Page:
Who is looking for perfection?

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Today, just after the holiest and most awe-inspiring days of the new year, I was so happy to discover this… it’s something I wrote way back, when I was a new mom, and it rings just as true today.

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God is not looking for perfection, and though I always knew this, in my mind, I think that it only began to sink into my heart not so long ago. It cost me a great many tears until I reached this realization, but the reward was infinitely wonderful, because it gives a sense of security and confidence each one of us, as His precious child, deserves.

He is not, and cannot be, looking for perfection, because He did not make me perfect. He left room for improvement, and He delights in, and appreciates the efforts I undertake to improve.

Yes, there is the standard (vast and challenging) set of commandments each practicing Jew sees him or herself committed to. But other than that, He watches and appreciates me according to my own abilities and limitations – not those of other people.

For example, even though I am dedicated to – and know my place is in – my home, with my family, caring for my children, even though I have never been happy and content anywhere the way I am in my home throughout each day, the practical truth is that I’m challenged when it comes to everyday domestic tasks. And I mean, really challenged, which is why, when I say “if I can do it, anyone can”, I mean it most sincerely. I think the reason for this is a combination of natural clumsiness and forgetfulness (I’m prone to knocking things over, and I’d be lost without my notes and lists), and not being required to lend a hand around the house when I was a child, which could have formed helpful lifelong habits (but which undoubtedly would have been frustrating for whoever tried to engage me in helping).

So, if someone stops by one day and examines my house with a critical eye, perhaps some lingering undusted spots may be noticed, and some lack of order. But God doesn’t see this. He knows what my house had been like before, and knows the effort I put in to achieve a certain measure of tidiness. He knows the long hours I spend working in my home every day, long after the baby goes to sleep, scrubbing floors, ironing and working in my kitchen. He knows I do it all with a happy heart, thinking about how to make life more comfortable and orderly for my family. And he appreciates it, even though I might be forever and always lagging behind someone else’s standards.

He doesn’t want or expect us to be perfect. He wants our dedication, our faithfulness to the important tasks handed to us, our willingness to improve, our best efforts, our cheerfulness, our joy in being with Him, our appreciation of the blessings that adorn our lives. And He wants, appreciates and loves us, just the way we are, with our weaknesses, our misconceptions and our failings.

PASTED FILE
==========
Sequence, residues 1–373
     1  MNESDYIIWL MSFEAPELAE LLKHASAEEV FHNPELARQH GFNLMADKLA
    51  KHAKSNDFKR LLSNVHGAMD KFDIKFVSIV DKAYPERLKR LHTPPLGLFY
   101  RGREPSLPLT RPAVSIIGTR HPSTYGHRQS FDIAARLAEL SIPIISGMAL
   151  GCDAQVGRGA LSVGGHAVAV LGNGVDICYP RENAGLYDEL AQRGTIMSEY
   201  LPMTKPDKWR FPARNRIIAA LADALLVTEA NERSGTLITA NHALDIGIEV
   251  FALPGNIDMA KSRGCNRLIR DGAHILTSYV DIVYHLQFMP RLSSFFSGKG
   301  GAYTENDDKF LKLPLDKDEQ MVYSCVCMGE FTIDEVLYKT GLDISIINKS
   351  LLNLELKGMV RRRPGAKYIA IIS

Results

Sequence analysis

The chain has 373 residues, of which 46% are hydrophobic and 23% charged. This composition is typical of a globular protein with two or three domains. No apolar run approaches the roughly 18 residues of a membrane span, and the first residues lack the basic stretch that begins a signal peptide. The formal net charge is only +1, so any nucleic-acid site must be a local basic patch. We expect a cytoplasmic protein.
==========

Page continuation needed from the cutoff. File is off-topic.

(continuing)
He sees us through eyes of compassion and love, which is how we are to be with our own children: to value and cherish them for what they are, never compare them with others, but celebrate their achievements as they make progress at their own pace. Who knows how many children’s souls have been terribly wounded, not by lack of care or provision, but by constant remarks about some other child, who speaks three languages and plays the violin. Thankfully, God is beyond human failings. Yes, He will never fail us.

We should know that each and every little thing is rewarded, even when it is seemingly noticed and appreciated by no one. He sees, He knows, and that is why pleasing people or measuring up to other people’s standards is not supposed to be our primary goal. He looks at our heart, and may we ever and always be strengthened and comforted by this knowledge.

Moving mess

So, we’ve finally got ourselves at the new place, and because I’m brave I’m going to show you a glimpse of the jumbled mess I’m dealing with right now. Wish me luck as I sort through it all!

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Backyard – overgrown weed jungle. I’m hoping to set up a little chicken coop and run here. Yesterday I was happy to find out that other people around her raise poultry in their back yard, too.

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A huge stack of boxes in the living room. I can’t seem to find my arms and legs right now, but it will all get done eventually.

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The kitchen is a huge mess right now, but I hope you can see the potential. It’s actually my favorite part of the house. There are two sinks, a lovely granite countertop and a window that lets in plenty of light.